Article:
For the last week my students have been working on using experimental results and statistical tests as evidence to either accept or refute someone else s or their own claims.

They are trying to show evidence of the Law of Conservation of Mechanical Energy.

The only measured values in the entire experiment are position and time.

Our motion sensors are giving us very clean data that fit to quadratic fit with a R^2 value = 1.

Using any of the numerical methods for taking the derivative of data set leads to results that get very "wobbly" as time goes on.

However when we replace the discrete values with the continuous function returned by regression, and then use basic calculus to take the derivative we are able to get clean functions for velocity, acceleration, potential & Kinetic energy.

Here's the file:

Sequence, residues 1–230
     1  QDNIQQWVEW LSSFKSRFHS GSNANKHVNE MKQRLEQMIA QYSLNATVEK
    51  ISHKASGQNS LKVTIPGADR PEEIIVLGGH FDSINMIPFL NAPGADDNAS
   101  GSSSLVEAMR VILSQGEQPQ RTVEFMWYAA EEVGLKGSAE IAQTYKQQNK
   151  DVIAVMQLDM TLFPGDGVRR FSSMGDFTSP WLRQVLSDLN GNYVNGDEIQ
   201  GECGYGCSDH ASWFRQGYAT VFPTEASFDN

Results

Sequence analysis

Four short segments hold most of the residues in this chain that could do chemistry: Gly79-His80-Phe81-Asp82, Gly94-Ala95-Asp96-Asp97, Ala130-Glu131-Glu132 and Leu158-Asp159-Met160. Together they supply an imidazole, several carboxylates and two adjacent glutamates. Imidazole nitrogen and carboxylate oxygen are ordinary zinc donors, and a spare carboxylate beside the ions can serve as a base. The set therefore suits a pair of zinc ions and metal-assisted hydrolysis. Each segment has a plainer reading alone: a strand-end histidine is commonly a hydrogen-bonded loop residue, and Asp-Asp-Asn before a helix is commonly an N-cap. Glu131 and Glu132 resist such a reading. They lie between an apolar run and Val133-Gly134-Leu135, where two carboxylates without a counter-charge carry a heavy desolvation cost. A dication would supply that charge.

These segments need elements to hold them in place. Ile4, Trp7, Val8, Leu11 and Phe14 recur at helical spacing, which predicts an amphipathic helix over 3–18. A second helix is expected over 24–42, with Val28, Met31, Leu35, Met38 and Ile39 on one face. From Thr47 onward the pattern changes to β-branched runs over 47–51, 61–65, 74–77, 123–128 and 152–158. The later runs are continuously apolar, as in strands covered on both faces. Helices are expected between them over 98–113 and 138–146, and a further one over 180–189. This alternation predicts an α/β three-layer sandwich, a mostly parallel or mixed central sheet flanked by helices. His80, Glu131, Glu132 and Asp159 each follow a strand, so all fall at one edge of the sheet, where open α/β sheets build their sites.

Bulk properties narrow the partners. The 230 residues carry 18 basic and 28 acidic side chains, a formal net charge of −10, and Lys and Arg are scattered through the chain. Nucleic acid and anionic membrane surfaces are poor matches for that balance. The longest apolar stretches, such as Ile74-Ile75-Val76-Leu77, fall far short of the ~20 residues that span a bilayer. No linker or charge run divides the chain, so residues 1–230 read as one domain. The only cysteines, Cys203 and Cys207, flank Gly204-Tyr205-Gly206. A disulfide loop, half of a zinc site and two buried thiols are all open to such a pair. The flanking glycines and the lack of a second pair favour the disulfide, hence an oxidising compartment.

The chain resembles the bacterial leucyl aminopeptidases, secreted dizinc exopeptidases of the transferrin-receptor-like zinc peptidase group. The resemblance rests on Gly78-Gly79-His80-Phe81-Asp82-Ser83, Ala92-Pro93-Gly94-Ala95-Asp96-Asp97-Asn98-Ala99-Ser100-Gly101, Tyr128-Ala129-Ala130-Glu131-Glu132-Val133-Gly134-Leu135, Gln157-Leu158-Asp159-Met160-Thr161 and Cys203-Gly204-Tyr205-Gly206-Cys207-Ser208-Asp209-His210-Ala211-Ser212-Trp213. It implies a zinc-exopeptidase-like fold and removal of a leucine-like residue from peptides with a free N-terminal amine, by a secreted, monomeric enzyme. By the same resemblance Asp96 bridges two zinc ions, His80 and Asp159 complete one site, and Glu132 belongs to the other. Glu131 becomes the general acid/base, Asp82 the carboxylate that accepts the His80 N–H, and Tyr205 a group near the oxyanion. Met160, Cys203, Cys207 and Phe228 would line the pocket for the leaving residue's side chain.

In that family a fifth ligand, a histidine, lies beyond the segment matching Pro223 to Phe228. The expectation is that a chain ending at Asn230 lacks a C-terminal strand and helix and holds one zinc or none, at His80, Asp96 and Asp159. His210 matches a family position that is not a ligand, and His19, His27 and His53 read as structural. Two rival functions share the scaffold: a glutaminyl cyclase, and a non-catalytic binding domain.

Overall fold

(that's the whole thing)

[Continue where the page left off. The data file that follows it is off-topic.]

They are also able to clearly see that there is a loss do to air resistance, and actually solve the differential equation and measure the work done by this force.

In short as long as we give evidence that our experimental model achieved via regression is correct (R^2 values & Residuals Analysis all point very strongly to this) can we move out of the discrete domain and into the continuous domain where calculus works better and the data is far far cleaner for the students to see?

I've showed my students findings to a few other teachers and they say the kids should try and publish, but I would hate for them to be embarrassed do to us using regression and calculus if it is wrong to do so.

Any guidance would be appreciated.